Aligning private-sector incentives with the public good holds the key to effective policymaking – but it first requires understanding the economic roots of political polarization.
“One of the largest problems facing the nation right now is massive economic disparity,” says Uli Bennewitz, founder and president of Weeping Radish Brewery and AgResource in eastern North Carolina. “There is serious conflict in rural America, and these Americans aren’t seeing the same vitality that’s seen in our urban areas.”
Bennewitz and other business executives identified the most important and feasible policy changes the new presidential administration can make to promote U.S. economic growth at the Frank Hawkins Kenan Institute of Private Enterprise’s “What’s Next, America?” conference.
“If you drive through eastern North Carolina, the need for the revitalization of these rural areas is visible,” Bennewitz says, noting that the region’s economic recovery has been slower and weaker when compared to the rest of the state.
“America needs to be balanced out economically,” Bennewitz suggests. “Technology can do it, value-added can do it, and training our people with the necessary skill sets can do it.”
Art Pope, chief executive at North Carolina-based Variety Wholesalers Inc., was involved in rebranding efforts for the eastern North Carolina region.
“We had this notion of the ‘Inner Banks,’ a name to celebrate the region’s vibrant natural resources with all its rivers, banks and streams while ultimately branding our natural assets,” Pope says. Promoting the region’s unique vitality helps bring people and businesses back while keeping them from pursuing opportunities elsewhere in the first place.
The panelists agree that the problem boils down to education.
With more and more recent graduates and experienced professionals leaving their rural homes in pursuit of urban opportunities, timely innovation has become increasingly necessary in rural America to bridge this naturally occurring education gap.
“There’s a cultural bias here in America,” says Oscar Wong, the owner and founder of Highland Brewing Company in Asheville, North Carolina. “We think that if you don’t go to a university, you’ll have less of an opportunity to succeed.”
He says America needs to shed this cultural bias to help promote post-secondary education while not detracting from educational opportunities that fall outside the umbrella of a four-year university degree – community college, trade school and craft education, as examples.
“We have education on a university level in America, but we dropped the ball on the rest of it,” Bennewitz adds. “We need to think about the 65 percent of youth who don’t go to universities and colleges. What do we do for them, and how do we give them all a chance to succeed in life?”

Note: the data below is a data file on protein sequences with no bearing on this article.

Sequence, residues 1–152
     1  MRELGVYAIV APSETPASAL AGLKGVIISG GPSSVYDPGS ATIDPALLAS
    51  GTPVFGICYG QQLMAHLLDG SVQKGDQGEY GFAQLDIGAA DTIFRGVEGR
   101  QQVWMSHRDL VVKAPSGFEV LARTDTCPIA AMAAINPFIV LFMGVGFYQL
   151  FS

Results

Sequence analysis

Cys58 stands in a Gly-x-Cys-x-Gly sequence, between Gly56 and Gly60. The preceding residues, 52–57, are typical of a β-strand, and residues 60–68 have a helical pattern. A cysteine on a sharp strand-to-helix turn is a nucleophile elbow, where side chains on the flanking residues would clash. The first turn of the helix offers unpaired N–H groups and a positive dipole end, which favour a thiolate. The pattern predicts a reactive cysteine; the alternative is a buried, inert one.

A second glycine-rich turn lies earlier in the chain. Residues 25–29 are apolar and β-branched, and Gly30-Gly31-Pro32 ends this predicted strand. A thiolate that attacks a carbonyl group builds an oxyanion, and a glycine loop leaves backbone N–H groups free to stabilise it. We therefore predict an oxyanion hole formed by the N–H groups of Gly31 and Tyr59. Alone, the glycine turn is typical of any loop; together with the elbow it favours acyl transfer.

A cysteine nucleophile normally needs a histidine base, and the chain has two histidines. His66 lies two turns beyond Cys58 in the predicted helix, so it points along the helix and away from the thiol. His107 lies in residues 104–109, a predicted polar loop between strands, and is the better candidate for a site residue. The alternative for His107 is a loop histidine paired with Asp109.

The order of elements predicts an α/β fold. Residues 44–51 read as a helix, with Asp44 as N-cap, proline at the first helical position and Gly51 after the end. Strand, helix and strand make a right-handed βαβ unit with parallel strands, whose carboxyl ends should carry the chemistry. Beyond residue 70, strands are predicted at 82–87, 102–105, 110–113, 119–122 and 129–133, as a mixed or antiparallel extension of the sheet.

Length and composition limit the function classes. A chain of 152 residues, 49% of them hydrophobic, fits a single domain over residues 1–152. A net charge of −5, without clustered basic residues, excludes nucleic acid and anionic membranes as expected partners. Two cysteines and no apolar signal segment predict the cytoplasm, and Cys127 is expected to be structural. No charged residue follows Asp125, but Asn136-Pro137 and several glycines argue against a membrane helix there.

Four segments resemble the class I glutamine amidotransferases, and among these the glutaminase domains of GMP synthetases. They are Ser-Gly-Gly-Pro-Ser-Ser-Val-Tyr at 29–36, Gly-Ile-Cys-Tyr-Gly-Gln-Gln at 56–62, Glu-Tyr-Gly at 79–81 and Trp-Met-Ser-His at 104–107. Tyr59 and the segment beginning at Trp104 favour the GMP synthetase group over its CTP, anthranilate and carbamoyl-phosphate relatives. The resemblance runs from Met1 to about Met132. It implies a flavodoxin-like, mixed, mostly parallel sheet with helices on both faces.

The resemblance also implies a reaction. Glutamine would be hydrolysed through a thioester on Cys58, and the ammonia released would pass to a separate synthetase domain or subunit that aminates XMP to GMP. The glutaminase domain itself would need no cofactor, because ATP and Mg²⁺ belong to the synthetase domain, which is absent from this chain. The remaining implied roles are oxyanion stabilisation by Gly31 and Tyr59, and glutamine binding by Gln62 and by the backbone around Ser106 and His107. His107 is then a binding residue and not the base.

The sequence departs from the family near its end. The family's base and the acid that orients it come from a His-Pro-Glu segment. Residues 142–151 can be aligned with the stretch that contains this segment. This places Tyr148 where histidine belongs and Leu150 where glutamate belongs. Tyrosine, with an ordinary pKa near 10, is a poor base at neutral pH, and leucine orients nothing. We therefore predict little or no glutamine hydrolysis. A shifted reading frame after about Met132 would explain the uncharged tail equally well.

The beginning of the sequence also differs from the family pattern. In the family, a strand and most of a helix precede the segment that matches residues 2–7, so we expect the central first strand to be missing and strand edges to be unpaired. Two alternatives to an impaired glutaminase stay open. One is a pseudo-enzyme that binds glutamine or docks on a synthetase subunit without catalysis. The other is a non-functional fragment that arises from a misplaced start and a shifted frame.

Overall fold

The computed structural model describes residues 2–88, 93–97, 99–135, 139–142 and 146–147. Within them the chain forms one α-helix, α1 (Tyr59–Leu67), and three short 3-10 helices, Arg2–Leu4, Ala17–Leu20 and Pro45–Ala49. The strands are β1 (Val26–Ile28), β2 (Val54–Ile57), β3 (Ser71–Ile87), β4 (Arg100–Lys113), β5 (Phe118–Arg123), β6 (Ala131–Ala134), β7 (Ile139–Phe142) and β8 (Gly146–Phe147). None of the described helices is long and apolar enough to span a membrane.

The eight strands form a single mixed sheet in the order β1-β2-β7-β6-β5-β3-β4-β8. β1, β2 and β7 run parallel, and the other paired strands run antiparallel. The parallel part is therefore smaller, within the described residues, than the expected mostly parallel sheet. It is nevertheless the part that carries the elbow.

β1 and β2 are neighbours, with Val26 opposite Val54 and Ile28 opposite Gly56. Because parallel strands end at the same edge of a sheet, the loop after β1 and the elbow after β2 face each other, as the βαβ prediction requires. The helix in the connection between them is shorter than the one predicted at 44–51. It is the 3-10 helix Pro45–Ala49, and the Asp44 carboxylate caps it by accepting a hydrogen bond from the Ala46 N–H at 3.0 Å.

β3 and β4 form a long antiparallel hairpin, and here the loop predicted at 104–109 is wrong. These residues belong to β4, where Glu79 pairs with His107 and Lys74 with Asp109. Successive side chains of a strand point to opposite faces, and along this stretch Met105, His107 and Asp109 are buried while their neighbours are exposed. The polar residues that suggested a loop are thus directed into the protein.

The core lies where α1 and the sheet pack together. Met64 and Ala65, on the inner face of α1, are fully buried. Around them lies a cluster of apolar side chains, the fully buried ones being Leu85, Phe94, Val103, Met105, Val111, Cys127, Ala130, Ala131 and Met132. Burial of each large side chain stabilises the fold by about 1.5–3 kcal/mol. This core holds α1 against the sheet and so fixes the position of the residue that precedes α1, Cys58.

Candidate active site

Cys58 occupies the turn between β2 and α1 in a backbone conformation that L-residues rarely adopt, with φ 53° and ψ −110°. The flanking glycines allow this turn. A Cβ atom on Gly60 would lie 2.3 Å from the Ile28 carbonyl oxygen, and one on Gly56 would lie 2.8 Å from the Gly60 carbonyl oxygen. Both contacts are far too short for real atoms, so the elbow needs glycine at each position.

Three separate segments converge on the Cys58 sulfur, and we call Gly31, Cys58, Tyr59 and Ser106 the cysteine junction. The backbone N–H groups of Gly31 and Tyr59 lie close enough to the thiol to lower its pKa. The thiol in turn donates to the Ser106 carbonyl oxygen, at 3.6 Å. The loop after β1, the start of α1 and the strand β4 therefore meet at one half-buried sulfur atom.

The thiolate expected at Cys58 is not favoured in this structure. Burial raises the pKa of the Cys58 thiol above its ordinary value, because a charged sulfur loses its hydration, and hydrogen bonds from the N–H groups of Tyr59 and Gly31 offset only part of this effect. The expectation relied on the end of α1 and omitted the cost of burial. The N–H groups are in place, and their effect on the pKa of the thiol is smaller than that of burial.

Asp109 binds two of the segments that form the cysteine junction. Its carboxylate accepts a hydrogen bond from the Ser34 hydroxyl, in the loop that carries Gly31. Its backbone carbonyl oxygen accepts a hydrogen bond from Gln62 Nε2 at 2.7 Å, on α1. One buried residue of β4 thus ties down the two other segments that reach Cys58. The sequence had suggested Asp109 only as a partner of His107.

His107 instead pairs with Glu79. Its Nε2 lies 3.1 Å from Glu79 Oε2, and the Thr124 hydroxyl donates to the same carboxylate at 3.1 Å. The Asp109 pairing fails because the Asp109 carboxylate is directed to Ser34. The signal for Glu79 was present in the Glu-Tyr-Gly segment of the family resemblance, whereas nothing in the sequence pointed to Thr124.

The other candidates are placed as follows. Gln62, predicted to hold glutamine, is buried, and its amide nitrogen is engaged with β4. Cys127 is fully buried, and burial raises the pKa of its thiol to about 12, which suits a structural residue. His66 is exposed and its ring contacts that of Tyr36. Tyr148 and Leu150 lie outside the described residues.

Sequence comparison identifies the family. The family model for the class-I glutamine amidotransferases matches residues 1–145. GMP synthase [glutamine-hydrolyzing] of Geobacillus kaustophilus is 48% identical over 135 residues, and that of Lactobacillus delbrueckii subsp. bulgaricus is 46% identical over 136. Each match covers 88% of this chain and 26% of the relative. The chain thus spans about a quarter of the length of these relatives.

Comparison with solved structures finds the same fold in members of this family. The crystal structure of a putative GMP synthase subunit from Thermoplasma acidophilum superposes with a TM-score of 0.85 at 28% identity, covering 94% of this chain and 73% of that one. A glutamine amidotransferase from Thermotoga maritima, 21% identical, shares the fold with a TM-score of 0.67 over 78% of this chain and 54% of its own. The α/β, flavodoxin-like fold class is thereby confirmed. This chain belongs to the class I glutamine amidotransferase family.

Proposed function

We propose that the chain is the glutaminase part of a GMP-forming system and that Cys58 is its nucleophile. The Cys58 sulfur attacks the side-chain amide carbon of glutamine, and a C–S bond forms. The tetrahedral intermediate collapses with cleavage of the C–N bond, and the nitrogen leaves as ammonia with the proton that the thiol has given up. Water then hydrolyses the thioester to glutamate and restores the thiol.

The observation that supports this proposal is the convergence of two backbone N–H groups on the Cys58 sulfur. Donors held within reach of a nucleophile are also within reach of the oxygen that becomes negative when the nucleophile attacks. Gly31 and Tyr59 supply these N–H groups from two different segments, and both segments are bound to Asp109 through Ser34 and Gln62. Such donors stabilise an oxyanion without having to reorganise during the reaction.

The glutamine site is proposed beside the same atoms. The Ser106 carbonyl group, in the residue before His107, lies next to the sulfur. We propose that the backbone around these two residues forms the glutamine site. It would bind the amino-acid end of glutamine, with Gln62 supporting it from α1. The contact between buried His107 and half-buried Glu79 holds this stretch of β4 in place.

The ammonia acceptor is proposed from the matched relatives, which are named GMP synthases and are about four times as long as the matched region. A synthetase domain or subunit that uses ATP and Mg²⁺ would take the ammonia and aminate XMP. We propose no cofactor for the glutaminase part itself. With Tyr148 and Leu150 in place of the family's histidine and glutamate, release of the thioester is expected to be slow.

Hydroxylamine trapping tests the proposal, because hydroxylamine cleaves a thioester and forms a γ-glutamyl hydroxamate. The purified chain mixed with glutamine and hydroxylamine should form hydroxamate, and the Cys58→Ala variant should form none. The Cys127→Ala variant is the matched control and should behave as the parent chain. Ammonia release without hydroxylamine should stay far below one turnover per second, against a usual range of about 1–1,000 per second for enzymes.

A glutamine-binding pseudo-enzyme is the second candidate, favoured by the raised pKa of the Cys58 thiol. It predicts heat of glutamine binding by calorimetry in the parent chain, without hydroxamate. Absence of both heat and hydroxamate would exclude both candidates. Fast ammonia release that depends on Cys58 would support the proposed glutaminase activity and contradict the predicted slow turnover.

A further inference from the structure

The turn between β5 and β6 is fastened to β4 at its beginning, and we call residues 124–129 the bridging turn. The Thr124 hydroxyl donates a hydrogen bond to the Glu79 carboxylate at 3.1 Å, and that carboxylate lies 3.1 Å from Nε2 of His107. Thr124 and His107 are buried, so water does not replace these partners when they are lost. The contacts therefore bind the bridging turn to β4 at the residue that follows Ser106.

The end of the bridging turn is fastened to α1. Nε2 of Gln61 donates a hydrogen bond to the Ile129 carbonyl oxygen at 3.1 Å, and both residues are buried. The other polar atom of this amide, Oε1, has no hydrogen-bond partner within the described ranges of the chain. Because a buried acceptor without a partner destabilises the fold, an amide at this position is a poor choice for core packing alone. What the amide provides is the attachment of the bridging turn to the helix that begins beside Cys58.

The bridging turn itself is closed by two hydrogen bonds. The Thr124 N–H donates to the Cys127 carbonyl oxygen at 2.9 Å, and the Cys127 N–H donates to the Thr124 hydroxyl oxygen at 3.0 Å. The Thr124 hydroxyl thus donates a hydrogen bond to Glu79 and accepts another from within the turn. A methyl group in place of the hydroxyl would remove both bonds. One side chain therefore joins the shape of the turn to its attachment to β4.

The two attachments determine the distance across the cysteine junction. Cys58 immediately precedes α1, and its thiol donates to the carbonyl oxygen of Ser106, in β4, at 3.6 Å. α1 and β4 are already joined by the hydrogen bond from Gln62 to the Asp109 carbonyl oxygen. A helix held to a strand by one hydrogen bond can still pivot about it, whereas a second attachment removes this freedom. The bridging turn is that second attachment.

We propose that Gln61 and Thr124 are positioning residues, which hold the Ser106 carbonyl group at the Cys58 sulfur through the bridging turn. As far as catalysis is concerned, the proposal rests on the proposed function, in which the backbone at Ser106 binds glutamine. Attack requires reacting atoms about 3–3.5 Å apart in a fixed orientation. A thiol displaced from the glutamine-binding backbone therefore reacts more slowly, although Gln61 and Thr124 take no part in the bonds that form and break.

“It’s an unbelievable time in terms of discovery,” says Tom Pike, chief executive of Quintiles, a global clinical research and health information technologies company.
“Medicine is at the peak of intellectual sophistication,” Pike says. “But at the same time, our healthcare policy is nearly in gridlock and on a national basis we’re just not getting it done.”
Productivity in the healthcare industry has been strained in the past few decades, with costs increasing along the way. A recent study by the Commonwealth Foundation found 27 percent of U.S. respondents believe our health care system should be completely rebuilt. The country with the next highest percentage of respondents who believe the same was Norway, at 12 percent.
At the same time, Pike says the private sector must chase the diamonds in the rough, with technological innovation being one. Pike says speeding up research and development stages in medicine with newly acquired technology could help lower the industry’s unsustainably increasing costs.
“In Korea, people realize that manufacturing is slowing down, so the nation has enacted national economic policies encouraging innovative medicine developments,” Pike says. “This allows Korea to bring to market innovative medicines more quickly, while simultaneously lowering their costs, lowering the costs of healthcare and building a healthier nation.”
Wayne Holden, president and chief executive of RTI International, says collaborative innovation between government and the private sector could help create policy that’s effective and doesn’t put unnecessary regulatory strain on businesses. Holden identifies two conditions that must be satisfied in order to develop effective policy: working in bipartisanships and generating effective leadership.
“Too much of the policy set by government isn’t responsive to change – until crisis strikes and highlights the problem,” Holden says. “With effective leadership that’s proactive, citizens can come together, solve problems and enact effective policies.”
By Jonathan Ponciano (BA ’17)